As Brazilian Jiu Jitsu continues to grow in the UK, understanding the nuances of competition rules becomes even more paramount. The IBJJF rules serve as a foundation, but there are specific guidelines tailored for the UK scene.

Prohibited Techniques Across Belt Levels

While BJJ is known for its vast array of techniques, not all are permitted in competitions, especially for lower belt levels.

Heel Hooks: A submission that targets the opponent's ankle. While effective, it's also dangerous, especially for beginners. This technique is typically reserved for brown and black belts.

Neck Cranks: As the name suggests, this move puts immense pressure on the neck. Due to its potential risk, it's often prohibited in many competitions.

Knee Reaping: This involves positioning your leg across the opponent's body in a way that can twist their knee. Given the potential for injury, it's a move that's closely regulated.

Advantage Points and Their Significance

In BJJ competitions, it's not just about submissions. Advantage points play a crucial role in determining the winner, especially in closely contested matches.

These points are awarded for almost successful techniques or for putting the opponent in a compromising position. It's a way to reward a competitor's efforts, even if they don't secure a full point.

Expert Tip: "Advantage points can be a game-changer. They reflect a competitor's aggression and can tilt the match in their favour, especially in the absence of clear points."

BJJ tournament

The Role of Referees

Referees play a pivotal role in BJJ competitions. They ensure the safety of the competitors, enforce the rules and regulations, and award points. Their decisions are based on a deep understanding of the sport and the specific rules of the competition.

Preparing for the Mat: Final Steps to BJJ Mastery in the UK

As we round off our deep dive into the world of Brazilian Jiu Jitsu competitions in the UK, it's essential to focus on the final preparations. Whether you're a seasoned black belt or just starting with your white belt journey, understanding the intricacies of the game is crucial. But beyond the rules of BJJ, there's a mental and physical preparation aspect that can't be ignored.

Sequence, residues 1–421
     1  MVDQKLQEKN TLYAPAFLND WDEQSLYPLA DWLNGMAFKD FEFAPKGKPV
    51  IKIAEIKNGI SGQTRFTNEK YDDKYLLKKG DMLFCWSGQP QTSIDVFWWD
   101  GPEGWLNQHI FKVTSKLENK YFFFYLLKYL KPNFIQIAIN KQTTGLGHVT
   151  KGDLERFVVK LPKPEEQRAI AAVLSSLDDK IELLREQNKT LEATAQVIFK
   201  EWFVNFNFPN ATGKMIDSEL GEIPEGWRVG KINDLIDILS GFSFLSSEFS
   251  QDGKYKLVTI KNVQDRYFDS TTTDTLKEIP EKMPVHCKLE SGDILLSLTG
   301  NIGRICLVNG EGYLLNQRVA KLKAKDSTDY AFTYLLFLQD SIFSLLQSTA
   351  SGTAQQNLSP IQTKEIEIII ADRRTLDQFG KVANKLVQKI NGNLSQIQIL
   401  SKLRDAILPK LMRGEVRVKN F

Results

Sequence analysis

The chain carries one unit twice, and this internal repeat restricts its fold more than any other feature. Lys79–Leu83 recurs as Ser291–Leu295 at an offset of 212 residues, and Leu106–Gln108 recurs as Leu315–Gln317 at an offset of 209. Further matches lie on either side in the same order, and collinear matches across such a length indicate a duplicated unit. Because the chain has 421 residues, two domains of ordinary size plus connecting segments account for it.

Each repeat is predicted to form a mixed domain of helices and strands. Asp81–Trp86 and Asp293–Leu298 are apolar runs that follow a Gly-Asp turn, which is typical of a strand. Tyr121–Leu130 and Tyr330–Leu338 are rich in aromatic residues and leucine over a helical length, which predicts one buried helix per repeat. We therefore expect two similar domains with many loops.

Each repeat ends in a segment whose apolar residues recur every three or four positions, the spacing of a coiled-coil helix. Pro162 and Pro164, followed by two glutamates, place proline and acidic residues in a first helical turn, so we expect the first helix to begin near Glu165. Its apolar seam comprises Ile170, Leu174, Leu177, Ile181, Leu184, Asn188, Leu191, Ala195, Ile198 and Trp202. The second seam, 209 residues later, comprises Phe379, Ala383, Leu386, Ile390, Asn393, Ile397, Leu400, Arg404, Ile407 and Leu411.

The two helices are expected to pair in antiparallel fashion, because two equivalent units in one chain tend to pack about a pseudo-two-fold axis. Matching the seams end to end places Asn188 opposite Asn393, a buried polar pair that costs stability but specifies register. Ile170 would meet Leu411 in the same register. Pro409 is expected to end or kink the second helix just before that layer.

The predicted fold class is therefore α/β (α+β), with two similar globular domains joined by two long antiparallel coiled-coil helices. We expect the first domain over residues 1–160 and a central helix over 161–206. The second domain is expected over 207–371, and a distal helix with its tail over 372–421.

Mental Preparation: Beyond the Physical

BJJ is as much a mental game as it is physical. The ability to read your opponent, anticipate moves, and strategize on the fly is what separates the good from the great.

BJJ Pro Tip: "In the heat of the match, it's not just about what you know, but how you think. Adaptability is the key."

Physical Conditioning: Stamina Meets Technique

While BJJ techniques are the foundation, stamina and endurance determine how effectively you can deploy them, especially in longer matches. Regular conditioning, combined with specific drills like 'pass the guard' or 'side control', ensures you're match-ready.

International Brazilian Jiu Jitsu: The Global Stage

For those looking to compete beyond the UK, understanding the nuances of international Brazilian jiu jitsu is vital. The rules might vary slightly, and the competition can be fiercer. Being part of organizations like the Brazilian Jiu Jitsu Federation can offer insights and open doors to global competitions.

In Conclusion: Know the Game, Play it Well

BJJ competitions in the UK are more than just matches; they're a testament to skill, strategy, and spirit. Whether you're competing at a local level or eyeing the international stage, understanding the 'Rules of BJJ in the UK' is your first step. Train hard, play fair, and may the best fighter win.


Frequently Asked Questions (FAQ) about BJJ in the UK

What moves are illegal at White Belt BJJ?